The Montlake Bridge. Photo: SDOT 

We’ve been working closely with WSDOT and our other transportation partners to coordinate and plan for this bridge closure. Based on best practices developed during the SR 99 Alaskan Way Viaduct closure in 2019, WSDOT organized daily meetings with King County Metro, Sound Transit, and us to evaluate the impact of this closure on the transportation system and collaboratively look for opportunities to make spot improvements to address problems.  

This proactive coordination streamlined the process for us to make adjustments by making it easy for us to suggest the idea and quickly work through the details with our partners. That’s allowed us to make changes sooner, so that we can help people get around the closure right away without unnecessary delays.  

We’re also taking extra care of the University Bridge to reduce risk of heat-related damage  

Another challenges is that so many people are now relying on the University Bridge, where there is very little room and we have fewer options to make changes. But we are still doing what we can to keep things moving.  

To help the traveling public, we do not open these drawbridges for ship traffic during peak periods (7 – 9 am or 4 – 6 pm weekdays). However, SDOT is required by federal law to open the bridge to marine traffic at all other times. 

A truck sprays down the University Bridge. Video: SDOT

Since Wednesday, we’ve also been briefly closing the University Bridge throughout the afternoons to spray cool water. While these brief closures pose another challenge, they are absolutely necessary to prevent bigger problems. That’s because hot weather can cause the metal in the draw bridge’s moving parts to expand and get stuck. So taking a moment to cool the bridge down reduces the risk that the bridge could potentially get stuck for hours or days, which is a risk we absolutely cannot afford to take.  

Unfortunately, this kind of weather wasn’t an issue when the bridge was built 100 years ago, so we’re all hoping that the current heat wave will end soon. When the weather drops back down below 85 degrees, we will no longer need to spray cool water on our draw bridges.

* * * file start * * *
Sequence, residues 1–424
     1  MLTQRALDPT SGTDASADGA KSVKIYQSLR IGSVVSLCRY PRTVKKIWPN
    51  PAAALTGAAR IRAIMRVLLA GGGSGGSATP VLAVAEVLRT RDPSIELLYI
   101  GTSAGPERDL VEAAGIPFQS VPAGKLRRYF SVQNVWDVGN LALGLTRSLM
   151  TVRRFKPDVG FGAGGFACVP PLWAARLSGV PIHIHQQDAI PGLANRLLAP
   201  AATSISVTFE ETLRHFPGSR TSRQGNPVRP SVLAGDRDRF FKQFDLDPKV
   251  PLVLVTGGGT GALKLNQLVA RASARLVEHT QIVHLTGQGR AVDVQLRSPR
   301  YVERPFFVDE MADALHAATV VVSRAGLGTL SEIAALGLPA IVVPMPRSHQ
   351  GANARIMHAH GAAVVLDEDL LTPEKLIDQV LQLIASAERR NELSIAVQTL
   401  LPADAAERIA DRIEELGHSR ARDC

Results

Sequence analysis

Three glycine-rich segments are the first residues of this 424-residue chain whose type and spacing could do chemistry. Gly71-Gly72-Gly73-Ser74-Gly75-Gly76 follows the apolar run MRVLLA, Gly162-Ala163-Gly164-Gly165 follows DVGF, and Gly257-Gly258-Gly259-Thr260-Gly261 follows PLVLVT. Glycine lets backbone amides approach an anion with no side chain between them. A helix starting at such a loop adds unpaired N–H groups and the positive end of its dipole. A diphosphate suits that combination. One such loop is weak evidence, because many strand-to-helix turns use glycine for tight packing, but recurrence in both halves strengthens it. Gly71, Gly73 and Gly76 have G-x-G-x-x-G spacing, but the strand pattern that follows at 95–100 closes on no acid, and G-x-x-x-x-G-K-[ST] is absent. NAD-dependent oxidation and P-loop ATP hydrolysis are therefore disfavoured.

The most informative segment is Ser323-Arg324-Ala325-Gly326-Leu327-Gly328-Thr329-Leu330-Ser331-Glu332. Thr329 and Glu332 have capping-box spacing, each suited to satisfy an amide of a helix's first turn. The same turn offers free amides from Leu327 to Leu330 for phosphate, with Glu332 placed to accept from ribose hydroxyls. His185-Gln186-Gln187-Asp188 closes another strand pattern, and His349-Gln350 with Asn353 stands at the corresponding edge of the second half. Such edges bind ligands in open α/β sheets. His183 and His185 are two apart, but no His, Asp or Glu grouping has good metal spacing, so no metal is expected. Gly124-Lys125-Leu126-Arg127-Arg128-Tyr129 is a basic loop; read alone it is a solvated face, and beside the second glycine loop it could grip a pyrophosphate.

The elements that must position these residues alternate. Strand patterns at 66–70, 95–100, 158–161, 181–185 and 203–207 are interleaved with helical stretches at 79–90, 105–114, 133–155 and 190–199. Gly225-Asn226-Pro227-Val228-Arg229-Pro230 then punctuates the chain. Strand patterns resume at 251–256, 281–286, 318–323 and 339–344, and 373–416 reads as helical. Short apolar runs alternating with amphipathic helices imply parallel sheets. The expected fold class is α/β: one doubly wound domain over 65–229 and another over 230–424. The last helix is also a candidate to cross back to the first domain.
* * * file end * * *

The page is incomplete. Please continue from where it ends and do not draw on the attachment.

Thank you for your patience 

While we think that the bus lane will help move more people and make things a little better, there is no silver bullet to eliminate congestion and we expect that the Montlake Bridge closure will remain a challenging experience for the next three weeks.  

Thank you to everyone who is being patient, careful, and kind to your fellow travelers during this challenging time. We know it’s a tough commute, which is why it so important that we all plan ahead to leave a little earlier and give ourselves time to get where we are going safely.   

We also appreciate everyone who is choosing to take the bus, bike, walk, or roll during this bridge closure. Not everyone has these options, which is why it is so important that people who have the flexibility to get around without driving make this choice so that we can all get where we need to be.   

We’ll continue to work with our transportation partners to look for more opportunities to address the challenges of this closure, and if we see a good opportunity for other improvements, we’ll work to make it happen as quickly as possible.